Canon PowerShot S50 Review
As per our results with the S45 (as well as G3 and G5) Canon's automatic white balance works well under natural light and less so in incandescent or fluorescent lighting. As you can see from the samples below in incandescent light automatic white balance produced a strong orange cast. The pre-programmed presets work well as does manual preset white balance.
|Outdoors, Auto||Outdoors, Cloudy (or Sunny)||Outdoors, Manual|
|Incandescent, Auto||Incandescent, Incandescent||Incandescent, Manual|
|Fluorescent, Auto||Fluorescent, Fluorescent (or H)||Fluorescent, Manual|
The S50's closest macro performance as at wide angle, however for the best images with the least distortion and corner softness telephoto macro produced only slightly larger frame coverage. The macro tests below are using our new macro focus test chart and measurement system; each line on the grid is 10 mm, taken at shortest subject distance in macro mode.
|Wide angle - 94 mm x 71
27 px/mm (686 px/in)
Corner softness: Average
|Telephoto - 112 mm x 84
23 px/mm (584 px/in)
Corner softness: Low
The S50's slim internal flash unit has a quoted range of 4 m at wide angle and 2.5 m at telephoto (at ISO 100). Obviously ranges increase if you are shooting in Auto mode (with Auto ISO). Our tests showed good color balance but a little underexposure notably more on our 'normal' skin tone flash shot.
|Skin tone - Natural color, no blue cast, slightly underexposed.||Color patches - Good color balance, no color cast, slightly underexposed.|
The S50 has two methods available for night shots, the scene exposure mode 'Night Scene' and manual exposure. Night Scene is limited to a longest exposure of 1 second (which is honestly fairly useless for night exposures). Thus I chose to use manual exposure mode for the samples below. The S50 has automatic dark frame noise reduction for exposures of 1.3 seconds or longer. Surprisingly there were no visible 'hot pixels' on these exposures, surprising because we did notice some on G5 shots of the same length.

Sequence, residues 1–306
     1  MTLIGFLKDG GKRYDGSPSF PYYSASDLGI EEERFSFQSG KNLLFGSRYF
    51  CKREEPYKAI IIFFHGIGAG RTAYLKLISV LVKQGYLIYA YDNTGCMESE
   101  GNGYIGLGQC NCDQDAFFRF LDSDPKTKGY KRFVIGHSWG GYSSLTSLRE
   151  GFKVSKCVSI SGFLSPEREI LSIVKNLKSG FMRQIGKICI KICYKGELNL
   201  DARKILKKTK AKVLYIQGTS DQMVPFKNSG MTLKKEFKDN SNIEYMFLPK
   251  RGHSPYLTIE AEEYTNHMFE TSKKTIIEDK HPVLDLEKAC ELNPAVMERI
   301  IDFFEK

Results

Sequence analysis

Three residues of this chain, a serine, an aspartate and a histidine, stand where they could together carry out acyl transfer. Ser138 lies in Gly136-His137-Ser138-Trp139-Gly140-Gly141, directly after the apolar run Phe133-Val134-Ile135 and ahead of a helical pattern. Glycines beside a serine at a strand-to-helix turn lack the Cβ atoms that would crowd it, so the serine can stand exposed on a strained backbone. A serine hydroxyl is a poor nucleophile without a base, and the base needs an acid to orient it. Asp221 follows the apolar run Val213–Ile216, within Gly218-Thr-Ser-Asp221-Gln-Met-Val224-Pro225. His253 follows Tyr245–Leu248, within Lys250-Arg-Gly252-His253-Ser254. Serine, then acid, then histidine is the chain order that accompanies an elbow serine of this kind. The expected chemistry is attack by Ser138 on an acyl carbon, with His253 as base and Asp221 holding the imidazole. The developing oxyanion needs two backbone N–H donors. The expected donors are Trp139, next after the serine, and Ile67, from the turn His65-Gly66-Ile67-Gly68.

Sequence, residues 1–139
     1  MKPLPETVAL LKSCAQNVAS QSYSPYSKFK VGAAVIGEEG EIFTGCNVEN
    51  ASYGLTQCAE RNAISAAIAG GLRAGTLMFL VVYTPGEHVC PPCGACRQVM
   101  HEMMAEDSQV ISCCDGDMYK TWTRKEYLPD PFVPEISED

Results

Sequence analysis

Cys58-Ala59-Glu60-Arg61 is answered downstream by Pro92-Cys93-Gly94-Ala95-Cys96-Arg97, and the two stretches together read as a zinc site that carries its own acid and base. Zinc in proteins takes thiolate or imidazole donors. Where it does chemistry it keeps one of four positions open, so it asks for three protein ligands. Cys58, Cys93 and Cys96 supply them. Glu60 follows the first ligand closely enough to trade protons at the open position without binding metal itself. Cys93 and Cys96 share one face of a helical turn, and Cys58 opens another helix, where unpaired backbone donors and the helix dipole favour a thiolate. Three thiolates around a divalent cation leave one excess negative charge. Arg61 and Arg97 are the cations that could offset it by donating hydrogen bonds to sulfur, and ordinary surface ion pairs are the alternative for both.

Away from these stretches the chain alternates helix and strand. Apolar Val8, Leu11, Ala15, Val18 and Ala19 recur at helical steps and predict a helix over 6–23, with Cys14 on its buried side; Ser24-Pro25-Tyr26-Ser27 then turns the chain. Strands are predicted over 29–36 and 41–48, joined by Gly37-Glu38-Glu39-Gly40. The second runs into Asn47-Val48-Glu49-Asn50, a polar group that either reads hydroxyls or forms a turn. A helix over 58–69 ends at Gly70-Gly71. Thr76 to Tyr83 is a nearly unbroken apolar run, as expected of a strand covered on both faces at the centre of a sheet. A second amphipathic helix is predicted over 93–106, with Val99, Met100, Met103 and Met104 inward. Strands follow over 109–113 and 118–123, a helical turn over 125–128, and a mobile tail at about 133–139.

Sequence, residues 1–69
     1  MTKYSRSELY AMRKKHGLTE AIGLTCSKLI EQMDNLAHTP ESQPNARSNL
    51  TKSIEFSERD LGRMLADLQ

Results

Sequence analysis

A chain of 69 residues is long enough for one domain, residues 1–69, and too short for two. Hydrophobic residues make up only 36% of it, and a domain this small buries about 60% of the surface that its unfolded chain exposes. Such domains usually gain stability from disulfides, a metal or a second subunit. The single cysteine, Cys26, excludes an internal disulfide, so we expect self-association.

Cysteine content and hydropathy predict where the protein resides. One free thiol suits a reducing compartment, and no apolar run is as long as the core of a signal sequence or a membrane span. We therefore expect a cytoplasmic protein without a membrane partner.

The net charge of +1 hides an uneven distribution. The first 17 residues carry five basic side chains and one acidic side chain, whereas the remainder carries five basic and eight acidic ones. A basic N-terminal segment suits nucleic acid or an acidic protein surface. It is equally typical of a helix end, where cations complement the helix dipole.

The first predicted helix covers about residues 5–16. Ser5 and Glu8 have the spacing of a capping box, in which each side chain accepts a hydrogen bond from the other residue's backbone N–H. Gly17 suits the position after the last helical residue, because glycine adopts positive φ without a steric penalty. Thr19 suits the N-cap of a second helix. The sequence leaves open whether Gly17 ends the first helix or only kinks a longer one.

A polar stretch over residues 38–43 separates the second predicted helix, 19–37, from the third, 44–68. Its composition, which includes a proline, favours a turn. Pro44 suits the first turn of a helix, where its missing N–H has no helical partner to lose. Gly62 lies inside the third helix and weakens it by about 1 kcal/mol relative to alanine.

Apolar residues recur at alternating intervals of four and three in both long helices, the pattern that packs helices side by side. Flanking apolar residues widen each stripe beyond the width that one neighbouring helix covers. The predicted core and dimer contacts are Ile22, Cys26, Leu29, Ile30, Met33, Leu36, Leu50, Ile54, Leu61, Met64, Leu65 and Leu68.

|Manual exposure: ISO 50, 4 sec, F4.0|
|Manual exposure: ISO 50, 15 sec, F8.0|
Barrel and Pincushion Distortion
The S50 has the same lens as the S45 and therefore exhibits the same distortion characteristics, that is just under 1.0% barrel distortion at wide angle and no measurable pincushion distortion at full telephoto. This is a good performance for a compact extending digital camera lens.
|Barrel Distortion, 0.9% @ wide angle||Pincushion Distortion, 0% @ telephoto|
Vignetting / Light fall off
Our vignetting / light fall off test is very simple, a
shot of a blank wall from two meters away, vignetting will always be most
visible at wide angle and maximum aperture and will start to disappear
at smaller apertures and/or further zoom. Just like the S45 the S50 exhibits
some visible vignetting at full wide angle and maximum aperture but this
soon disappears with smaller apertures or more zoom.
|Some corner vignetting visible at wide angle and maximum aperture (F2.8)||No noticeable vignetting at telephoto (F4.9)|
Purple Fringing (Chromatic Aberrations)
As we noted with the G5 the introduction of the five megapixel sensor has affected the S50's chromatic aberration performance. Purple fringing is fairly strong, especially at maximum aperture and/or wide angle. I was quite disappointed (but not that surprised) to see this extra fringing and must hold it into consideration when producing my overall conclusion.
|Fringing visible around contrast, F2.8||Our standard chromatic aberration test shot|
Overall Image Quality / Specific Issues
As with the upgrade of the G3's system to the G5 the S45 to S50 decision probably wasn't a difficult one for Canon to make, upgrade the sensor and a few other components, change the body color and labeling (perhaps there was a little more to it than this). And while the S50 performs well as a compact five megapixel three times zoom compact camera I simply don't feel it is as good at that as the S45 was with the four megapixel sensor. It seems to me that with these very small lens systems there is an optimum sensor resolution beyond which problems such as sharpness and chromatic aberrations increase. Add to this the fact that we are seeing more noise from the 1/1.8" type five megapixel CCD and you may begin to understand some of my reasoning.
Shallow angle jaggies
Noted in our G5 review and confirmed on the S50 (another five megapixel Canon with the same processing engine). At very shallow angles (approximately ten degrees or less) in a strong contrast the camera's algorithms (either demosaic or sharpening) don't alias the diagonal line particularly well and it can end up looking slightly jagged.
Theory: If you use a digital camera to take a picture of itself in a
mirror the camera will always appear horizontal in the final image. Well,
not if the sensor isn't level it won't. Something I noted very early on
with our loan S50 was that the sensor was not aligned to horizontal, this
meant that during testing I always had to adjust the tripod head until
the image on the LCD 'appeared' level rather than trusting the spirit
level on the tripod shoe. Canon's response was that this was unavoidable
in a mass production environment (I personally haven't noticed it to this
|Canon S50: 1.1°||Canon A70: 0°|
|High Altitude Rocky Mountain Railroad by cjf2|
from On the Rails...
|Evening at the lake. by Murat ÜNSAL|
|Antillean Crested Hummingbird refuelling by hwvlover|